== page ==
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The topic of the essay: Ernest Hemingway’s “Hills Like White Elephants” https://www.gvsd.org/cms/lib/PA01001045/Centricity/Domain/765/HillsPDFText.pdf
The length of the essay should be 3-5 pages, not including the Works Cited page. NO PLAGIARISM.  We often speak of tone, setting, plot, theme, characterization, and point of view as separate aspects of a story in order to break down a complex narrative into more manageable parts. But this analytic process of identifying various elements is something we have done to the story: the story (if it is a good one) is an integrated whole. The more closely we examine the separate elements, the clearer it becomes that each is integrally related to the other. 
Your essay must be submitted in MLA style, including a properly formatted Works Cited page.

Introduction

1. Is there an original title?

Yes

No

2. Does the title make sense as it relates to the essay?

Yes

No

3. If not, what do you think the title is missing?

4. Is the introduction 5-8 sentences?

Yes

No

5. Does the introduction have an attention getter?

Yes

No

6. What is the attention getter? (detailed description, a story, a fact or statistic, a definition, an interesting comparison, an example, a quote)? Highlight or otherwise indicate one.

7. Is there a clear thesis?

Yes

No

8. What is the thesis statement? Highlight the thesis in the draft.

9. Is it the last sentence of the intro?

Yes

No

10. From reading the thesis, can you see what the paper will discuss?

Yes

No

Body Paragraphs (3 body paragraphs)

11. Does every paragraph support the thesis statement? If not, indicate so in the draft.

Yes

No

12. Does each body paragraph have a clear topic sentence? Highlight the topic sentences in the draft.

Yes

No

13. Does each paragraph contain one, and only one, topic?

Yes

No

14. If not, which paragraph(s) contain more than one topic?

15. Do these topics relate to the thesis statement?

Yes

No

16. Do the body paragraphs meaningfully support the thesis? Please note revisions or questions within the essay.

Yes

No

16. Does each body paragraph contain 6-9 sentences?

Yes

No

17. If not, which body paragraphs are too short and/or too long?

18. Do the body paragraphs contain support from the writer’s experiences and outside sources?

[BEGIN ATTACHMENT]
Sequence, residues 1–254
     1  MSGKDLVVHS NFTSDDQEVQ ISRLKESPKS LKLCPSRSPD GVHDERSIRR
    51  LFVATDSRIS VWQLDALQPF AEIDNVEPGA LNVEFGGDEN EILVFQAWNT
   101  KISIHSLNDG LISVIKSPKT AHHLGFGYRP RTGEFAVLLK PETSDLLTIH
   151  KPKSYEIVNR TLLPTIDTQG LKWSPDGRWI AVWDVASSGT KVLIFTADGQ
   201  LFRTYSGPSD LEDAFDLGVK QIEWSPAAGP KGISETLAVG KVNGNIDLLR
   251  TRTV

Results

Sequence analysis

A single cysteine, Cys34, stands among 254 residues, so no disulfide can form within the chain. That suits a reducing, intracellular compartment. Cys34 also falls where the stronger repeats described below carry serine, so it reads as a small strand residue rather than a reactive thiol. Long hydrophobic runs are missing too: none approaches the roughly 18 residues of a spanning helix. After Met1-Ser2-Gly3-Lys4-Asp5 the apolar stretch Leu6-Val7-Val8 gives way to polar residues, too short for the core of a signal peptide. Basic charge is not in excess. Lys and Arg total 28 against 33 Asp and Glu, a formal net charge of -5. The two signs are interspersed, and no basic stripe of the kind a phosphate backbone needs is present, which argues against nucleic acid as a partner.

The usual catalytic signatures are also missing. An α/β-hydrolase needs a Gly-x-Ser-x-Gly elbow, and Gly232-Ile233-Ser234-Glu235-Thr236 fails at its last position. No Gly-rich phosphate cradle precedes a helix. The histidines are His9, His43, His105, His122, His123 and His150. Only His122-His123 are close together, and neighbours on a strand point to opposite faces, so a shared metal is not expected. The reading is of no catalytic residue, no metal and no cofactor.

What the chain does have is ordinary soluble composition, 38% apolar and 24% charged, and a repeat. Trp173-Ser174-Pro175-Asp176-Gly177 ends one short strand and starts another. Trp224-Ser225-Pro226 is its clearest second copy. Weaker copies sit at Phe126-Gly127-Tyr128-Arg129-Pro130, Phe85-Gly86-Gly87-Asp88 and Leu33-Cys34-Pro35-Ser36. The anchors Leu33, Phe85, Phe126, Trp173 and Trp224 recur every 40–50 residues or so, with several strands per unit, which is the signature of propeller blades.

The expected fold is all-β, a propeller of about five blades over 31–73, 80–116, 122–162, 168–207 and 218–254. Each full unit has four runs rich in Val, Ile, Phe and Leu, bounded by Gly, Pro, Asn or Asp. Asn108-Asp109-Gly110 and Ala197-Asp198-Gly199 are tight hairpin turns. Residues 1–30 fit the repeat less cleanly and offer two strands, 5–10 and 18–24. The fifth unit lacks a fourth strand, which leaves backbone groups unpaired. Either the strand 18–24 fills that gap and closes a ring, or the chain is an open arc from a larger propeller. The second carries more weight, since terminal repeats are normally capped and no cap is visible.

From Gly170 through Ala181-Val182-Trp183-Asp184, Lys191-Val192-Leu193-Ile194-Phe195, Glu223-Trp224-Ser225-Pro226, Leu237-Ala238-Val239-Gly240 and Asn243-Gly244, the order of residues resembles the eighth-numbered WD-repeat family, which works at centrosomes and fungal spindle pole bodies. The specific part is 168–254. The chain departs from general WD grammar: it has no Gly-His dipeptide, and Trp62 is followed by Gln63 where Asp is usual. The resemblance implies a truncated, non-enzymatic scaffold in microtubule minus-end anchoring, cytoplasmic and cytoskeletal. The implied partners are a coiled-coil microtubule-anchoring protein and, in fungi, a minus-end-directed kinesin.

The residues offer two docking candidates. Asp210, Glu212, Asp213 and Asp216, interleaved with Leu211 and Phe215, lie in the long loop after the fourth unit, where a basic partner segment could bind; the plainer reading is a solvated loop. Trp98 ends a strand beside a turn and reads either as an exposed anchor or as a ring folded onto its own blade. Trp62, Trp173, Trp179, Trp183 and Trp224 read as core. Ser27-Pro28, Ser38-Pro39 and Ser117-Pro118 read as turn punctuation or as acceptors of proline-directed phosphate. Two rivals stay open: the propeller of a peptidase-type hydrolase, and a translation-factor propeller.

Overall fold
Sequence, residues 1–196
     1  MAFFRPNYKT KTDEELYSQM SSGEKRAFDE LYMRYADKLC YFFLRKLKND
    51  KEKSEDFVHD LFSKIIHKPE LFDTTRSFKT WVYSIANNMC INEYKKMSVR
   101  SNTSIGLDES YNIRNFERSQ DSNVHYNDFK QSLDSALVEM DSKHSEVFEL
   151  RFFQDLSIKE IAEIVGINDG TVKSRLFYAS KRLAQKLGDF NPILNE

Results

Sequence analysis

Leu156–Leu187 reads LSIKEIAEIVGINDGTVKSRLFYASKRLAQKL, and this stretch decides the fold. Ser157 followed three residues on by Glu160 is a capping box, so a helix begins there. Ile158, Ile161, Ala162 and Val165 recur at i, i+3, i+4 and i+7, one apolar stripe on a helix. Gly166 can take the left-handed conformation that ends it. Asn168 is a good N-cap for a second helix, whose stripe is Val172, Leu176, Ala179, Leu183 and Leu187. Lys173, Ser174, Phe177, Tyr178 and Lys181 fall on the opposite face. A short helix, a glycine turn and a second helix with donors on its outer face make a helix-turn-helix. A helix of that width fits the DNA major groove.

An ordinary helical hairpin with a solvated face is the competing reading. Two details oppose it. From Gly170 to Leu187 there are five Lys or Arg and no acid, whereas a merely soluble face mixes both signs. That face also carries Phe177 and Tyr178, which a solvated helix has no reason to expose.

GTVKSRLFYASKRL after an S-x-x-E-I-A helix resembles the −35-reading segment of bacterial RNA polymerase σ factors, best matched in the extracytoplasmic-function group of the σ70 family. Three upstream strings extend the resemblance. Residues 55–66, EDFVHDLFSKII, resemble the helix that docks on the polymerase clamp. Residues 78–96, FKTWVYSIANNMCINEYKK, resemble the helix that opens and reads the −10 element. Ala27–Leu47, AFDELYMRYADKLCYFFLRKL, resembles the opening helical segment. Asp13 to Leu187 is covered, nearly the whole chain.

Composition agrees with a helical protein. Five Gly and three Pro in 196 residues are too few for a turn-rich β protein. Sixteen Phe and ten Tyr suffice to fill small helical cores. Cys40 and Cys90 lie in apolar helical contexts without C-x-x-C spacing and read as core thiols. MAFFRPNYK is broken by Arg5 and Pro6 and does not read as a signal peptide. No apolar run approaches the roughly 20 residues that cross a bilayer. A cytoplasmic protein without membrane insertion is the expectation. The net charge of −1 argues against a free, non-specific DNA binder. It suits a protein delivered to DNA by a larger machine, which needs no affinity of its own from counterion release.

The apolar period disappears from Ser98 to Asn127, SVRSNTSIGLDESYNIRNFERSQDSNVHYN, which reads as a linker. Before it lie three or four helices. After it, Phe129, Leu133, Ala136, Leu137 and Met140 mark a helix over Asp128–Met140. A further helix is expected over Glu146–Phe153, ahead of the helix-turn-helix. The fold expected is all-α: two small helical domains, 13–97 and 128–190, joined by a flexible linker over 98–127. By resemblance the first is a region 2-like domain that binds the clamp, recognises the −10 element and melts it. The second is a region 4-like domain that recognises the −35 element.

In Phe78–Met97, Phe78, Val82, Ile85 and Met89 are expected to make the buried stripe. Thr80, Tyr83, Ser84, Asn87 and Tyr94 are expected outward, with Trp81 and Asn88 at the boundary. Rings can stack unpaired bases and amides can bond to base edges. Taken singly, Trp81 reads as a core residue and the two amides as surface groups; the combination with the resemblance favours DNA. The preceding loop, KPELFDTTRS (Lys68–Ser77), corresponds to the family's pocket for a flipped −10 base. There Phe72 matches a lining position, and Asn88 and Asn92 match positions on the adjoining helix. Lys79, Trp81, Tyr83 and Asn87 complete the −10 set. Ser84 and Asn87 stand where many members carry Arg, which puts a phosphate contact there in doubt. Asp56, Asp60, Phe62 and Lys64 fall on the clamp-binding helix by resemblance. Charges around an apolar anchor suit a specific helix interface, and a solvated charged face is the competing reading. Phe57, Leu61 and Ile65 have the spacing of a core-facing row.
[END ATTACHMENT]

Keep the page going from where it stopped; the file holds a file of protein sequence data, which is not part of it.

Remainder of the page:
Yes

No

19. If not, which paragraphs should be expanded or offer more or better proof? Where can the author add more depth and interest?

20. Should any paragraphs be combined, deleted, or moved? If so, which ones and why. Indicate this in the draft.

Yes

No

21. Are there transitions between ideas and paragraphs?

Yes

No

22. Are the transitions appropriate for the connection of ideas presented in essay?

Yes

No

Conclusion

24. Does the conclusion give the reader a sense of closure?

Yes

No

25. Does the conclusion have 5-8 sentences?

Yes

No

26. Does the conclusion restate the thesis?

Yes

No

27. Does the conclusion summarize the main points of the paper?

Yes

No

28. Does the conclusion include an afterthought to keep reader’s attention?

Yes

No

Paper as a whole

31. Is the paper’s single focus clearly established throughout?

Yes

No

32. Is there a clear beginning, middle, and end?

Yes

No

33. If not, what needs clarification?

34. Based on this essay, does the student illustrate (offer examples) to prove the thesis? If not, what should be revised to make the understanding clearer? Indicate in the draft.

Yes

No

Have you made notes throughout the paper for the author? Your comments should indicate areas that he/she has addressed well, as well as areas that need to be revisited. At the end of the author’s paper write two to three complete sentences where you offer praise. Do not say “good” or “very.” If you are not able to think of a better adjective, go online or to an old-fashioned thesaurus and look for a synonym. In your sentences, point to a specific argument that you found to be well written, argued, and/or supported.